Consider the words (found here) of Philadelphia’s then-Archbishop Charles Chaput, who himself served a term on the Permanent Council of the Synod of Bishops:

The first synod I attended, back in 1997, focused on the Americas. I was one of the delegates directly appointed by Pope John Paul II. It was a great experience, my first real participation internationally in service to the universal Church. It was there that I met then-Archbishop Jorge Bergoglio from Buenos Aires. He was an impressive man and made good contributions to the discussion. We sat near each other because we’d been appointed archbishops at about the same time. The synod led me to seek out a much closer relationship with the Churches in Mexico and Latin America, and Latino Catholics in the United States.

The other two synods—in 2015 on the family, and 2018 on young people and the faith—were very different. I was a delegate from the U.S. Catholic bishops’ conference and much more experienced, so I probably sensed the political dynamics of a synod more clearly.

I was very disappointed by what I saw as manipulation of the synods and their agendas by elements within and outside the Church. Instead of being occasions for an honest exchange of ideas, both synods were dominated by efforts to re-engineer the direction of the Church. Synods should be places where people speak freely and are anxious to listen to others. But both were exercises of power rather than efforts to arrive honestly at a common position through listening and the inspiration of the Holy Spirit. Neither of those synods encouraged or gratified me. In fact, I was deeply scandalized by the political maneuvering that took place in both. The one on the family was a very important synod with some very sharp tensions. The one on youth lacked some important voices and seemed to miss many opportunities to say anything significant, or deal with the real issues of the Church in our time.

While we’re on the subject, it’s worth revisiting the “Affair of the Thirteen Cardinals.” For those with a rusty memory, 13 cardinals drafted a private letter to Pope Francis during the 2015 synod expressing their concern about the manipulative tone of the proceedings. The letter was fraternal, respectful, and entirely within their job description as close advisers to the Holy Father. It was never meant to be public, yet it was leaked by sources unknown to discredit the cardinals and undercut their concerns.

But the cardinals were hardly alone. At the same 2015 synod, Glasgow’s then-Archbishop Philip Tartaglia drafted a similar private letter, filial and respectful in tone—and I know this firsthand, because he showed me the final text shortly before he delivered it—with the same serious concerns. Tartaglia handed it personally to the Holy Father, who accepted it irritably, dressed him down rudely for writing it, and then walked away. Tartaglia, an affable, faithful man, returned distressed and deeply shaken. In practice, “dialogue” turned out to be brief.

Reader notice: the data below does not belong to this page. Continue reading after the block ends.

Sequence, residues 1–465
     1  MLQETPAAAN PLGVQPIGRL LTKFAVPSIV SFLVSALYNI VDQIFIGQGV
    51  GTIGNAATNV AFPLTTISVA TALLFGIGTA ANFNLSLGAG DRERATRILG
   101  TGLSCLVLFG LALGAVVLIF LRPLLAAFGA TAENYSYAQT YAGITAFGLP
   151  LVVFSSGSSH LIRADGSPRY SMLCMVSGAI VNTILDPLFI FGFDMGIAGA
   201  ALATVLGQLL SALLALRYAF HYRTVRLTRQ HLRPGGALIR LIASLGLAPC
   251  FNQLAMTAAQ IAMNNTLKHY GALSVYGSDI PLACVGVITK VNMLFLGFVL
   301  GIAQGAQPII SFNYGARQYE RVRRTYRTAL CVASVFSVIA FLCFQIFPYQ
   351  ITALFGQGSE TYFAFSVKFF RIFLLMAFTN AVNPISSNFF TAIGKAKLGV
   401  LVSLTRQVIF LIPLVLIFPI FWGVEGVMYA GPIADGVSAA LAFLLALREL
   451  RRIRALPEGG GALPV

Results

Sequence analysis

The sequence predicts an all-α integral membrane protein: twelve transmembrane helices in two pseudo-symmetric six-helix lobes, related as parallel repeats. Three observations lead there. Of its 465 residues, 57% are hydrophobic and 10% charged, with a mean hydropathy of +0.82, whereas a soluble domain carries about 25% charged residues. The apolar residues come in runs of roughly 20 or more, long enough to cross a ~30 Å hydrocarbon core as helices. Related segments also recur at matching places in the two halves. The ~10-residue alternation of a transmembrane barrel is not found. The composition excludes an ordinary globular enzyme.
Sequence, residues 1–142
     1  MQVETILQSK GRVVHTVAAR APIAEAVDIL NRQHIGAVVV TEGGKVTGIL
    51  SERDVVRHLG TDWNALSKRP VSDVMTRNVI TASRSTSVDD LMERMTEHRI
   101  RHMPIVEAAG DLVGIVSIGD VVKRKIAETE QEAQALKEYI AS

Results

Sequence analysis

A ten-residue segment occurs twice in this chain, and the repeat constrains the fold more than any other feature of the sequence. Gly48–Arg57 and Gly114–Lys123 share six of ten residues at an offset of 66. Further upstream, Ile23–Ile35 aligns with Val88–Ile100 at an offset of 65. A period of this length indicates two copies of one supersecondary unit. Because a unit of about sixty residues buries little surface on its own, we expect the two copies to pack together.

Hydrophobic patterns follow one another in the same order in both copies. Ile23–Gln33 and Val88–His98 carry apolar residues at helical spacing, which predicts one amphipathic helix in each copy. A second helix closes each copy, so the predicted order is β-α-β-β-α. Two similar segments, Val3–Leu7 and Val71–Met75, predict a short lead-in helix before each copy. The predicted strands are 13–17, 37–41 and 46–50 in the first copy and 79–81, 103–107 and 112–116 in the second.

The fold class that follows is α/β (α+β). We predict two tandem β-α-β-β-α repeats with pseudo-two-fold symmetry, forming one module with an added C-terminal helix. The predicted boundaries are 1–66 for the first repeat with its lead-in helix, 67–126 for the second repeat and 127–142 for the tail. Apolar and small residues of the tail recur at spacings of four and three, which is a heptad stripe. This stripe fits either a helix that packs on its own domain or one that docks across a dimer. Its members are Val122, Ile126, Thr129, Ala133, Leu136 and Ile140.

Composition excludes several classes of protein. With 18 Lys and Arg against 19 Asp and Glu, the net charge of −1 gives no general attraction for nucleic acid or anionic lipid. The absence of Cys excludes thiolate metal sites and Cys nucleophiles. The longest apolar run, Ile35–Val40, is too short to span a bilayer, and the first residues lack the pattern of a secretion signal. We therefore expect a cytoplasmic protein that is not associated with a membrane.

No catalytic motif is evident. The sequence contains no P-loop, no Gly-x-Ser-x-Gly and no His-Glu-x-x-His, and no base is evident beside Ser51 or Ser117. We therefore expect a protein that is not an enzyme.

The atmosphere of the 2018 synod was not significantly different. The issue of “synodality” arrived ex nihilo on the agenda toward the end of the proceedings; a surprise that had nothing to do with the synod’s theme of faith and young people.

Hagiographers of the current pontificate may find my comments here unfair, or worse. If so, their flackery does the Holy Father no service. The virtues of mutual fidelity and mutual obedience in a marriage—qualities I’m quite familiar with after 52 years with a wedding ring—never exclude candor, and when necessary, some very sobering criticism. Exactly the same applies in ecclesial life. Along with the Holy Father’s wise suggestion that we read the Acts of the Apostles, we might also profitably take a look at Galatians 2:11–14. Love is not always sweet. Francis has repeatedly called for honesty, openness, and dialogue in the Church. I admire his words, and I trust that he means them. This column is an example of what those words involve and actually mean. I pray for Pope Francis every day and also, if somewhat more reluctantly, his entourage. But love, genuine love, requires truth. It has little use for servility or unwarranted praise.

The above comes from an August 8 posting by Francis Maier on the site of the Ethics and Public Policy Center.